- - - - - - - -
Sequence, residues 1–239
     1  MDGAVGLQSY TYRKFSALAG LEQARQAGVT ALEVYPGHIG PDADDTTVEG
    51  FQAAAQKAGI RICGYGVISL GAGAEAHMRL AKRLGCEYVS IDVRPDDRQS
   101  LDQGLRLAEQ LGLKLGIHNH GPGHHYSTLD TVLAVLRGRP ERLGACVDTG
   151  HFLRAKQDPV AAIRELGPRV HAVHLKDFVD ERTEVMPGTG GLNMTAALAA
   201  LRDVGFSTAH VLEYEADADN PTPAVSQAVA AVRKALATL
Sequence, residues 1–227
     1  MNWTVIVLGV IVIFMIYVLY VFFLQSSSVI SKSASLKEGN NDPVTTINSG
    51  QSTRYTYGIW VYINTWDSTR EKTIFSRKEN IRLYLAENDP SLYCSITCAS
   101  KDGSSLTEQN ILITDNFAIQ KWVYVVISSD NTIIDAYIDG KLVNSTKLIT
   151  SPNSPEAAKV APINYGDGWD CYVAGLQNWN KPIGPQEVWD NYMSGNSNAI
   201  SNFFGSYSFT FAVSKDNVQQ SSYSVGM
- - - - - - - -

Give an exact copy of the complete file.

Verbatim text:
Sequence, residues 1–239
     1  MDGAVGLQSY TYRKFSALAG LEQARQAGVT ALEVYPGHIG PDADDTTVEG
    51  FQAAAQKAGI RICGYGVISL GAGAEAHMRL AKRLGCEYVS IDVRPDDRQS
   101  LDQGLRLAEQ LGLKLGIHNH GPGHHYSTLD TVLAVLRGRP ERLGACVDTG
   151  HFLRAKQDPV AAIRELGPRV HAVHLKDFVD ERTEVMPGTG GLNMTAALAA
   201  LRDVGFSTAH VLEYEADADN PTPAVSQAVA AVRKALATL
Sequence, residues 1–227
     1  MNWTVIVLGV IVIFMIYVLY VFFLQSSSVI SKSASLKEGN NDPVTTINSG
    51  QSTRYTYGIW VYINTWDSTR EKTIFSRKEN IRLYLAENDP SLYCSITCAS
   101  KDGSSLTEQN ILITDNFAIQ KWVYVVISSD NTIIDAYIDG KLVNSTKLIT
   151  SPNSPEAAKV APINYGDGWD CYVAGLQNWN KPIGPQEVWD NYMSGNSNAI
   201  SNFFGSYSFT FAVSKDNVQQ SSYSVGM